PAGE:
This futuristic-looking all-metal lap steel guitar from 1935 is a major historical piece and a fine example of the Gibson company's first-ever electric guitar. The hollow cast aluminum body is fitted with Gibson's earliest bar magnet pickup - later nicknamed the "Charlie Christian" pickup. This seminal pickup - the first designed by Walter Fuller in mid-'35 - has an unbound black plastic coil form with a single metal blade pole-piece for the three bass strings and segmented blades for the treble strings.
The very advanced for 1935 circuitry features both volume and tone controls with a fancy Bakelite knob on either side of the lower bout-a feature requested by Gibson's consultant Alvino Rey. The body's shoulders are more rounded and angle into neck at a sharper angle compared to the subsequent wooden-body EH-150. The unbound ebony fingerboard has a V-shaped end, white flush fret inlays and mother-of-pearl dot markers. This instrument has the second style of bridge, with slots to hold the strings but only two securing screws. The body, neck and headstock on the E-150 are finished in raw aluminum, no doubt influenced by the Rickenbacker Electro instruments. The original open back Grover tuners are stamped with the company logo and are nickel- plated.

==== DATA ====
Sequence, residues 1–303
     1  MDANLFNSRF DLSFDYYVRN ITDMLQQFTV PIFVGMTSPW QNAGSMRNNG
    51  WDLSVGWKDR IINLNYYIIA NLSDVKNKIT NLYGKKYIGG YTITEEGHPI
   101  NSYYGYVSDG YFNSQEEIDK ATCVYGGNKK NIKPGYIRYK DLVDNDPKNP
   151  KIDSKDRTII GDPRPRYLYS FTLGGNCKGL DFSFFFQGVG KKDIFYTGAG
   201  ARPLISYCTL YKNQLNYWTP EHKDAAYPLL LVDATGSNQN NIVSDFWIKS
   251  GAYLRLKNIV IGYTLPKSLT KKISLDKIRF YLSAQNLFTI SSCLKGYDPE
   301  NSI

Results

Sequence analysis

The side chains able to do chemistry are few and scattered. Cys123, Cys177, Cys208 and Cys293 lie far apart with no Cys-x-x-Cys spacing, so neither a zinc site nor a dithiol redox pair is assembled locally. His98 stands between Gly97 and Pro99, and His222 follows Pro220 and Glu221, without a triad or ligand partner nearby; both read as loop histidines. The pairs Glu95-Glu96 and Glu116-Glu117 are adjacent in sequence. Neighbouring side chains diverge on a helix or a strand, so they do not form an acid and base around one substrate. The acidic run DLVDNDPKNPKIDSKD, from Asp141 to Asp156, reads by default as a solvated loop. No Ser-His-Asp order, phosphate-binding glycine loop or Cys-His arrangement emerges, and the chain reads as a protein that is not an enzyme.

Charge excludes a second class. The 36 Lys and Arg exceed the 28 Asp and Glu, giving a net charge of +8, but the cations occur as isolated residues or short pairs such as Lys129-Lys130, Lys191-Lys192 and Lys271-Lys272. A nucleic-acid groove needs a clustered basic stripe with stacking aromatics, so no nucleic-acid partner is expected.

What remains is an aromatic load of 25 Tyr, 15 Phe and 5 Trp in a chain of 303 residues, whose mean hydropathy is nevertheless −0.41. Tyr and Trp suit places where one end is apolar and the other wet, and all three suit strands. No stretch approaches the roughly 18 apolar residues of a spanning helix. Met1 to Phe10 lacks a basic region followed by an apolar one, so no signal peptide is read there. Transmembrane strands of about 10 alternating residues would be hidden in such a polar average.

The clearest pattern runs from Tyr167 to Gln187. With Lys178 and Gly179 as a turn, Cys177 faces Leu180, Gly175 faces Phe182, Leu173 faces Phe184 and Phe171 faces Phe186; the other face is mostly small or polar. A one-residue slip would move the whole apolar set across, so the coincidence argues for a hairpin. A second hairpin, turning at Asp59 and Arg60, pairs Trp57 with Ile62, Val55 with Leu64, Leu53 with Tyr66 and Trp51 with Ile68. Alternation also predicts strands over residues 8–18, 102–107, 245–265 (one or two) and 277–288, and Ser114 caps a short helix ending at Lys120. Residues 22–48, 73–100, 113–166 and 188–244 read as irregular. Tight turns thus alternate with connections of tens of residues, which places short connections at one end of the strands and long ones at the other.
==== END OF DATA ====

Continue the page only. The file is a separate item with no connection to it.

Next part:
This model was originally designated both the "EHG" (Electric Hawaiian Guitar) and "E-150" reflecting the original $150.00 list price of the guitar-amp set. Gibson's records indicate that somewhere around 100 of this model were shipped from Kalamazoo from October 1935 into the beginning of 1936. The production run was very limited; Gibson quickly deduced that the metal body (which had to be outsourced) was not an advantage and switched to a wooden body built in-house.
The serial numbers on this model-apparently beginning at 100 and running up to just over 200-are a specific series impressed into the metal, and records indicate that the same instrument was sometimes shipped out to several different dealers before eventually finding a home! By any standard this is one of the rarest models in Gibson history. Not only were a very limited number originally produced, but more than a few were likely sacrificed to the WWII aluminum drives enforced from around 1942! In terms of not only Gibson history but the story of the 20th century guitar in general the E-150 is a milestone design, and marks the progress of the electric guitar from novelty to ubiquity.
The guitar was paired with Gibson amps.(see TYS electric guitar collection Gibson EH 150 guitar amplifier (Version 1), 1935)